How did Gandalf know?
In a section of Unfinished Tales called "The Quest of Erebor", Gimli asks Gandalf this very question. Here is the response he gets:
Gandalf did not answer at once. He stood up, and looked out of the window, west, seawards; and the sun was then setting, and a glow was in his face. He stood so a long while silent. But at last he turned to Gimli and said: 'I do not know the answer. For I have changed since those days, and I am no longer trammelled by the burden of Middle-earth as I was then. In those days I should have answered you with words like those I used to Frodo, only last year in the spring. Only last year! But such measures are meaningless. In that far distant time I said to a small and frightened Hobbit: Bilbo was meant to find the Ring, and not by its maker, and you therefore were meant to bear it. And I might have added: and I was meant to guide you both to those points.
'To do that I used in my waking mind only such means as were allowed to me, doing what lay to my hand according to such reasons as I had. But what I knew in my heart, or knew before I stepped on these grey shores: that is another matter. Olórin I was in the West that is forgotten, and only to those who are there shall I speak openly.'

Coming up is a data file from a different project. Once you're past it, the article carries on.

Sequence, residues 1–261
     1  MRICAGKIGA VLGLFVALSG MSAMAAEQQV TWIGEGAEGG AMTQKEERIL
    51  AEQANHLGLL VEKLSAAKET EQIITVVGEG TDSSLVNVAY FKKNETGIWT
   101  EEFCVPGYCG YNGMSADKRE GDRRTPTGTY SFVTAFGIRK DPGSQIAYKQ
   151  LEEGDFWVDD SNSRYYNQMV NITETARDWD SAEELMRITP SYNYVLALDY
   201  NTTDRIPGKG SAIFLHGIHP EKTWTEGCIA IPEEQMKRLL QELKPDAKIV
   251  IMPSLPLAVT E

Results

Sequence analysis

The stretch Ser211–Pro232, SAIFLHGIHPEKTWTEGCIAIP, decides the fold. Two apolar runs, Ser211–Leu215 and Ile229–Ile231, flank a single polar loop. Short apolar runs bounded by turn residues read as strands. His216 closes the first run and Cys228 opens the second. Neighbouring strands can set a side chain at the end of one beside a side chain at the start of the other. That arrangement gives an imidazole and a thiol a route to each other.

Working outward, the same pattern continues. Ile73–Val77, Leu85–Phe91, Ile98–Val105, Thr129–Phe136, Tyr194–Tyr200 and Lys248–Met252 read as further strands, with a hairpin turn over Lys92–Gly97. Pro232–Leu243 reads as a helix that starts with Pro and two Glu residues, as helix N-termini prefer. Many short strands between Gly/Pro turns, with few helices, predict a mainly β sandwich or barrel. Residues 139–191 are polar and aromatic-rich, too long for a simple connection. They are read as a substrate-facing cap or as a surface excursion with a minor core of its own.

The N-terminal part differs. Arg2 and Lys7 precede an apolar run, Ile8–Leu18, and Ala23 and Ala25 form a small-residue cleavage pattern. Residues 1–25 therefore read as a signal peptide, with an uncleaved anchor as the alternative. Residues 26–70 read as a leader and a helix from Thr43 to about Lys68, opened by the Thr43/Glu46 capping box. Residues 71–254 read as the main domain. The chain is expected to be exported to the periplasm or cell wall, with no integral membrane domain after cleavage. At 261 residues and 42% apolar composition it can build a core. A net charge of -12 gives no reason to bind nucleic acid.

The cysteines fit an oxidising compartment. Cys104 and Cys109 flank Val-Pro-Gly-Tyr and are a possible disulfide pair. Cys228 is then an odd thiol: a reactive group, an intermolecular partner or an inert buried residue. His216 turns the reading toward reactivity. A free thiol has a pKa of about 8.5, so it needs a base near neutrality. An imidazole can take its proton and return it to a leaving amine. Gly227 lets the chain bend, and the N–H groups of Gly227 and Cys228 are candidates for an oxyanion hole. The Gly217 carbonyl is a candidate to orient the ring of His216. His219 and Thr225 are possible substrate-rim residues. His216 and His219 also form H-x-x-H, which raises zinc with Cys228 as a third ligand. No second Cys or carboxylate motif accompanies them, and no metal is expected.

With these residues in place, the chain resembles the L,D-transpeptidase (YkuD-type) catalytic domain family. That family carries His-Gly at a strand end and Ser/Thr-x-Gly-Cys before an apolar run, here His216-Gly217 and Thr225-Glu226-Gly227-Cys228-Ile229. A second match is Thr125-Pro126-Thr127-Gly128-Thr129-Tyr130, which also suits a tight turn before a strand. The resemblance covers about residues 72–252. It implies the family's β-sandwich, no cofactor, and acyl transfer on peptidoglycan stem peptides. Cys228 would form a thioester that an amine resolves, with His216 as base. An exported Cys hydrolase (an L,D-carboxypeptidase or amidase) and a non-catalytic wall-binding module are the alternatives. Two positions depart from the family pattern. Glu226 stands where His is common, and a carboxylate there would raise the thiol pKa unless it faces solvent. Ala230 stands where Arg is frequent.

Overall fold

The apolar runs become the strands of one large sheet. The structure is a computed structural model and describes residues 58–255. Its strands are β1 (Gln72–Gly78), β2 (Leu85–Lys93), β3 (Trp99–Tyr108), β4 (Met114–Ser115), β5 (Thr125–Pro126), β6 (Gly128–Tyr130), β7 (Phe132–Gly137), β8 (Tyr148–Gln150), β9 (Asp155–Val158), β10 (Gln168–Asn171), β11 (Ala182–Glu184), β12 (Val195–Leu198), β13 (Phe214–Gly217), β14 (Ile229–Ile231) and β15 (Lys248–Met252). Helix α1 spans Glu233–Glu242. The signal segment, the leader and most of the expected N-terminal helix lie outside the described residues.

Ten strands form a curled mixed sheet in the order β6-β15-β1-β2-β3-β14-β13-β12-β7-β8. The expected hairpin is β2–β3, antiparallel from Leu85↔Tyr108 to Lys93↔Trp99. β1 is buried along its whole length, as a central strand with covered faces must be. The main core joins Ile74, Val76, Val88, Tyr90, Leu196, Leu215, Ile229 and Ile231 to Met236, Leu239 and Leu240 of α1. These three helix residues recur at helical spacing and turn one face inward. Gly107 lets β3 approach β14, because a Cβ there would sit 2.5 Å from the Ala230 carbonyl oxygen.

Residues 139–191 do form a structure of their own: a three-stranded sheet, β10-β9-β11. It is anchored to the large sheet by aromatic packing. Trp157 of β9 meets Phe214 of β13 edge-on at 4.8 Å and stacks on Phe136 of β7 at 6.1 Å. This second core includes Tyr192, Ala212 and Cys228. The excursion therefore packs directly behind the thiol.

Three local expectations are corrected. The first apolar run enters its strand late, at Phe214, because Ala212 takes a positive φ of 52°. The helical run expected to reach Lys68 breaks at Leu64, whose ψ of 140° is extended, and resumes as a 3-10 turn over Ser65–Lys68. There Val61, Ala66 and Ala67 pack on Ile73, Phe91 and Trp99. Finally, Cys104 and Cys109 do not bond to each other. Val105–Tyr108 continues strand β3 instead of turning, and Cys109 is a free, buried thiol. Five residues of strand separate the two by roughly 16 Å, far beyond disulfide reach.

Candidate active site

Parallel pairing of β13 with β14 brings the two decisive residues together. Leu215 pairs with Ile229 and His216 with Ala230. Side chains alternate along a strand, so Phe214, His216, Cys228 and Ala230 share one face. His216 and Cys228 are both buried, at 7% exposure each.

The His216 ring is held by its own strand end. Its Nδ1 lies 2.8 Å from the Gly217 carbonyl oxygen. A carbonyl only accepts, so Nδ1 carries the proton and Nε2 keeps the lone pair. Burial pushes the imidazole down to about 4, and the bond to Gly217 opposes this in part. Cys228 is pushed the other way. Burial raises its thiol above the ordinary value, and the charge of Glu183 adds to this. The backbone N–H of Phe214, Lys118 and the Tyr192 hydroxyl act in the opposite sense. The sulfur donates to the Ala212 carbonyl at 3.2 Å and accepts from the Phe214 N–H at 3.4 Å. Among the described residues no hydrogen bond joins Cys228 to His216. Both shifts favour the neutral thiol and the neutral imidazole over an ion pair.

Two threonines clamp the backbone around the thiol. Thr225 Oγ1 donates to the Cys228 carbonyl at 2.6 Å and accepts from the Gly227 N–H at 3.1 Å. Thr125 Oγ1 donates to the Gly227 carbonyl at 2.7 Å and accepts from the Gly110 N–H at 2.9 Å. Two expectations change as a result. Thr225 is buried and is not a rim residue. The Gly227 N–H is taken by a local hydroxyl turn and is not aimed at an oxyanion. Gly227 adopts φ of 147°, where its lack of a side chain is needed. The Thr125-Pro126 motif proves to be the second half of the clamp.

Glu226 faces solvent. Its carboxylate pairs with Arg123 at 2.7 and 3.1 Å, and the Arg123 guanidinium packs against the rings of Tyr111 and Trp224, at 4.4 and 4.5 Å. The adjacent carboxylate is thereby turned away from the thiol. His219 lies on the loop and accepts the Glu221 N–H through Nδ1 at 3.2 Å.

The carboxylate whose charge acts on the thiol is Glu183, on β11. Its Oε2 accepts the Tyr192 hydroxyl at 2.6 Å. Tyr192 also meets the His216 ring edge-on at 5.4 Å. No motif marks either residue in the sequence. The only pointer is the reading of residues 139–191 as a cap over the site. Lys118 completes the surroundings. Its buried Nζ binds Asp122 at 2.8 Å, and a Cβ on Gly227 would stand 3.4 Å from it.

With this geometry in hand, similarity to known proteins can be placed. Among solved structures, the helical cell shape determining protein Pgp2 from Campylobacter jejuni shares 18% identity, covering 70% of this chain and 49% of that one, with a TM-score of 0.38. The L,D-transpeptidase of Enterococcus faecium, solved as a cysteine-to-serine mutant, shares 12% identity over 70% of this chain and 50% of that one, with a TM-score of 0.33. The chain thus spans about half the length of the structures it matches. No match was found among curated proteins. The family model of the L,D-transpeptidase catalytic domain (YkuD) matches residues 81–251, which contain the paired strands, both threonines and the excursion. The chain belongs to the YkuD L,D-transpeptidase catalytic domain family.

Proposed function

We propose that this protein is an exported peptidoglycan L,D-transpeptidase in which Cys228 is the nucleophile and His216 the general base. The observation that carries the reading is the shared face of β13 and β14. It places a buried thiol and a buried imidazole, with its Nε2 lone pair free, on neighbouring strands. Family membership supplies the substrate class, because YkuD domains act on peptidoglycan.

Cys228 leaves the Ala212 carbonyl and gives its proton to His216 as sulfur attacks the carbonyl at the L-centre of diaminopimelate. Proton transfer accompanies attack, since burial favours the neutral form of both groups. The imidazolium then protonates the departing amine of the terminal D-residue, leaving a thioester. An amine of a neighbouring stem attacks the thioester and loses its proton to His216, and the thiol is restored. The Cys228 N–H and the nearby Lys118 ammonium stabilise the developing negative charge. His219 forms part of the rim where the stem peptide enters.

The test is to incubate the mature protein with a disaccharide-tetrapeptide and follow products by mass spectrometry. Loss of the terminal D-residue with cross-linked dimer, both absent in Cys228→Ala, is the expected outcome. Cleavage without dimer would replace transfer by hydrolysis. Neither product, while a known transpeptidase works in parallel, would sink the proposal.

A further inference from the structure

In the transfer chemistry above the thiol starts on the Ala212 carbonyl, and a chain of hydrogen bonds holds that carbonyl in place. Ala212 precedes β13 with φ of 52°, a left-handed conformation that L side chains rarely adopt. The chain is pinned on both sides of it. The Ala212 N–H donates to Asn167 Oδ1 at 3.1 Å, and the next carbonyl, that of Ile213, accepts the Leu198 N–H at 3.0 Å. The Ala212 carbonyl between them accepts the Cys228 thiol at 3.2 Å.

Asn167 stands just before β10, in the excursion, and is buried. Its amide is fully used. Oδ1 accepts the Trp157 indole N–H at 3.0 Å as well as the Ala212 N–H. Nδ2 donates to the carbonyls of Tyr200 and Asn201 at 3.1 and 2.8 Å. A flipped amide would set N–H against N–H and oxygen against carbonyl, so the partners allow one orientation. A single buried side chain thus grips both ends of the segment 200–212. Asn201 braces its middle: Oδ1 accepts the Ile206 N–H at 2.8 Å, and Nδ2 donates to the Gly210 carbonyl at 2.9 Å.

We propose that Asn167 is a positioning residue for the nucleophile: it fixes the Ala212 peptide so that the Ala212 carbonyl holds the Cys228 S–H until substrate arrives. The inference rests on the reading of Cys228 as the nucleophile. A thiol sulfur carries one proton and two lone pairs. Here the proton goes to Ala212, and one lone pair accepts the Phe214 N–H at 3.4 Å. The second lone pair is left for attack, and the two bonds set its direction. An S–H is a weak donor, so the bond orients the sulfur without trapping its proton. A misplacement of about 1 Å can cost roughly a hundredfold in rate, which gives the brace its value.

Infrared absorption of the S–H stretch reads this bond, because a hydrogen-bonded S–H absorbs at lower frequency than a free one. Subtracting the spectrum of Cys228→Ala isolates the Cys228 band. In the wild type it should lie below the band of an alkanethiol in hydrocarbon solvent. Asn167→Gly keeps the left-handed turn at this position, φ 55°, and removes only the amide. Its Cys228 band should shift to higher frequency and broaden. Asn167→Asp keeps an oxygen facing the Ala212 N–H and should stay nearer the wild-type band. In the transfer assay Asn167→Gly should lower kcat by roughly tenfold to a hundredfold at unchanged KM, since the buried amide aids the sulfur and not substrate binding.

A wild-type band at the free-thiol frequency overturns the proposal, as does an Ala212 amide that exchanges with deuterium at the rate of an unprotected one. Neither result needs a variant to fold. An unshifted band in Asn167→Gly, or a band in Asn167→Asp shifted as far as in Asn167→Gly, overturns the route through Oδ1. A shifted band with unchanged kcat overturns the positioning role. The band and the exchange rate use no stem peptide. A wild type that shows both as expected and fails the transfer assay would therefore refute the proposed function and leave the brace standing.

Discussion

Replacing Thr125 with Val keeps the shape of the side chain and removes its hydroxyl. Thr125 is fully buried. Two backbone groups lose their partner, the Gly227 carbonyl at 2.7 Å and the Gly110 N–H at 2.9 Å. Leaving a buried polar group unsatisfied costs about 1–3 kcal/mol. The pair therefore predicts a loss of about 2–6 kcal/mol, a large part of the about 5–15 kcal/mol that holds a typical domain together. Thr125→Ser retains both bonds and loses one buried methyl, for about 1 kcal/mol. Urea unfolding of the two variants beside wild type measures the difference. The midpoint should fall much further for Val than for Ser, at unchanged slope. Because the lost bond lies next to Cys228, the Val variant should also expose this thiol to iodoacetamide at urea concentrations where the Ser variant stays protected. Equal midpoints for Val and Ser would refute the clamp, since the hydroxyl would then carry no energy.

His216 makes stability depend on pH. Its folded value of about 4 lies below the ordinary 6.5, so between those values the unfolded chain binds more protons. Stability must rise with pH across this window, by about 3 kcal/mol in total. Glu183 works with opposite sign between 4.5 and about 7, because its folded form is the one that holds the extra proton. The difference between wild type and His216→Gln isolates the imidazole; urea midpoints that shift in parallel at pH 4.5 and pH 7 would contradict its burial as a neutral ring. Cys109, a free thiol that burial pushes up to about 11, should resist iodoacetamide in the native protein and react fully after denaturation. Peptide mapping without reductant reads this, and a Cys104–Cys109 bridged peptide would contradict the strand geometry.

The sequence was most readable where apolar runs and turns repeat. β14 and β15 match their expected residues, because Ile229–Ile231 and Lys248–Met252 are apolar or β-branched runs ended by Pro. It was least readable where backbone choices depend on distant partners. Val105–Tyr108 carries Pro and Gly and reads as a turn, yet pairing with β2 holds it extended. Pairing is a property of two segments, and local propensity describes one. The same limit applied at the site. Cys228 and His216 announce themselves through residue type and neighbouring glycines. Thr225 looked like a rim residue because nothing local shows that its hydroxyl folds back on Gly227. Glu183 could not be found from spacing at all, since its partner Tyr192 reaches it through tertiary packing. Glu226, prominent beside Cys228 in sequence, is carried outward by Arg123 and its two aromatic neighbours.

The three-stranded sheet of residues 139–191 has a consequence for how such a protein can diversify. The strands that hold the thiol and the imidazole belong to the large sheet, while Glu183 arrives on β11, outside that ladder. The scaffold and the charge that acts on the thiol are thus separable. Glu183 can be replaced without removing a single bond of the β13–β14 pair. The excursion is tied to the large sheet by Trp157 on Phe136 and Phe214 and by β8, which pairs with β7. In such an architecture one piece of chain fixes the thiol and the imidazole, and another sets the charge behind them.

Death knoll for Java
So, this is the hill which Java chose to die on? <ducks and runs>
I am not at all happy about the title 'the Two Towers'. It must if there is any real reference in it to Vol II refer to Orthanc and the Tower of Cirith Ungol. But since there is so much made of the basic opposition of the Dark Tower and Minas Tirith, that seems very misleading. There is, of course, actually no real connecting link between Books III and IV, when cut off and presented separately as a volume.